How to sustain cooperation is a key challenge for any society. Different social organizations have evolved in the course of history to cope with this challenge by relying on different combinations of external (formal and informal) enforcement institutions and intrinsic motivation. Some societies rely more on informal enforcement and moral obligations within their constituting groups. Others rely more on formal enforcement and general moral obligations towards society at large. How do culture and institutions interact in generating different evolutionary trajectories of societal organizations? Do contemporary attitudes, institutions and behavior reflect distinct pre-modern trajectories? This paper addresses these questions by examining the bifurcation in the societal organizations of pre-modern China and Europe. It focuses on their distinct epitomizing social structures, the clan and the city, that sustain cooperation through different mixes of enforcement and intrinsic motivation. The Chinese clan is a kinship-based hierarchical organization in which strong moral ties and reputation among clan’s members are particularly important in sustaining cooperation. In Medieval Europe, by contrast, the main example of a cooperative organization is the city. Here cooperation is across kinship lines and external enforcement plays a bigger role. But morality and reputation, although weaker, also matter and extend beyond one’s kin. The analysis exposes the impact of different initial moral systems and kinship organizations on China’s and Europe’s distinct cultural and institutional trajectories during the last millennium. These initial conditions influenced subsequent evolution through complementarities between moral systems and institutions. The implied social relations, moral obligations, and enforcement capacity further influenced the interactions with other external organizations (such as other cities or clans, or higher state authority), which further reinforced the distinct trajectories. This paper’s historical and comparative institutional analysis is based on the model in Avner Greif and Guido Tabellini (2010). It combines the analysis of generalized and limited morality (Tabellini 2008) with the analysis of the evolution of institutional complexes composed of complementary institutional and cultural elements (Greif 2006, ch. 7). A comparable analysis of the impact of initial beliefs and social structures is provided by Greif (1994, 2006, ch 9).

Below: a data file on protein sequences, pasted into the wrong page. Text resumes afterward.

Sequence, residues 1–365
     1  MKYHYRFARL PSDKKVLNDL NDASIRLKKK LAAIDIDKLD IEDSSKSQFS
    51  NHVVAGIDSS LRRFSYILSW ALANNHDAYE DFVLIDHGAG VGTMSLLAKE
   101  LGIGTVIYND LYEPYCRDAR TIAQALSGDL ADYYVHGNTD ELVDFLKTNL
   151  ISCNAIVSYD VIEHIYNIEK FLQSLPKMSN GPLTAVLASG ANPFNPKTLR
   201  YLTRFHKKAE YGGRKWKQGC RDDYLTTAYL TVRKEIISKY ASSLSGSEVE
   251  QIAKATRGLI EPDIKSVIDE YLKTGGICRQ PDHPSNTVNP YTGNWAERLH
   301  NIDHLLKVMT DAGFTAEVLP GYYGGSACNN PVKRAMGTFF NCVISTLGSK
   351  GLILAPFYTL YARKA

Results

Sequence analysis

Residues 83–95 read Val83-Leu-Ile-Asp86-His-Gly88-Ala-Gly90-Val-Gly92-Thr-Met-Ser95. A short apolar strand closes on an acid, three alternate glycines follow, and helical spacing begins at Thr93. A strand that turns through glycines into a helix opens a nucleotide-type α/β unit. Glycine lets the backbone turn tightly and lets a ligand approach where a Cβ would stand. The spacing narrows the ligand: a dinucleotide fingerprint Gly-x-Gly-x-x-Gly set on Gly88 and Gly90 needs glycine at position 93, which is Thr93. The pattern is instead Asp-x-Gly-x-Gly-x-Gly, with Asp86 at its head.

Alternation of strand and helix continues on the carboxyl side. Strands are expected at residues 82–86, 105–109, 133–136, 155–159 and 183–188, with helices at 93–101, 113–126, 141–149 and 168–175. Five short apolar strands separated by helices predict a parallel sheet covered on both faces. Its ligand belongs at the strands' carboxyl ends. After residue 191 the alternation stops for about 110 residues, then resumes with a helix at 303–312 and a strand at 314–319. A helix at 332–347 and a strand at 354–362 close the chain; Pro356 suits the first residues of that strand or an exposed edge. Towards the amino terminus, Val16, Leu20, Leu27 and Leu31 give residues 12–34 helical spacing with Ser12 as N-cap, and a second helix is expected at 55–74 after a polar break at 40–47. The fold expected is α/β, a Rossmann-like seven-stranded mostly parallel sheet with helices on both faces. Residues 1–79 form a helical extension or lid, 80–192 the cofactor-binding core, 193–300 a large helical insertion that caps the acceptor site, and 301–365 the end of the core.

Cultural and Institutional Bifurcation: China and Europe Compared

TABELLINI, GUIDO
2010

Abstract

How to sustain cooperation is a key challenge for any society. Different social organizations have evolved in the course of history to cope with this challenge by relying on different combinations of external (formal and informal) enforcement institutions and intrinsic motivation. Some societies rely more on informal enforcement and moral obligations within their constituting groups. Others rely more on formal enforcement and general moral obligations towards society at large. How do culture and institutions interact in generating different evolutionary trajectories of societal organizations? Do contemporary attitudes, institutions and behavior reflect distinct pre-modern trajectories? This paper addresses these questions by examining the bifurcation in the societal organizations of pre-modern China and Europe. It focuses on their distinct epitomizing social structures, the clan and the city, that sustain cooperation through different mixes of enforcement and intrinsic motivation. The Chinese clan is a kinship-based hierarchical organization in which strong moral ties and reputation among clan’s members are particularly important in sustaining cooperation. In Medieval Europe, by contrast, the main example of a cooperative organization is the city. Here cooperation is across kinship lines and external enforcement plays a bigger role. But morality and reputation, although weaker, also matter and extend beyond one’s kin. The analysis exposes the impact of different initial moral systems and kinship organizations on China’s and Europe’s distinct cultural and institutional trajectories during the last millennium. These initial conditions influenced subsequent evolution through complementarities between moral systems and institutions. The implied social relations, moral obligations, and enforcement capacity further influenced the interactions with other external organizations (such as other cities or clans, or higher state authority), which further reinforced the distinct trajectories. This paper’s historical and comparative institutional analysis is based on the model in Avner Greif and Guido Tabellini (2010). It combines the analysis of generalized and limited morality (Tabellini 2008) with the analysis of the evolution of institutional complexes composed of complementary institutional and cultural elements (Greif 2006, ch. 7). A comparable analysis of the impact of initial beliefs and social structures is provided by Greif (1994, 2006, ch 9).
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Utilizza questo identificativo per citare o creare un link a questo documento: https://hdl.handle.net/11565/3720535
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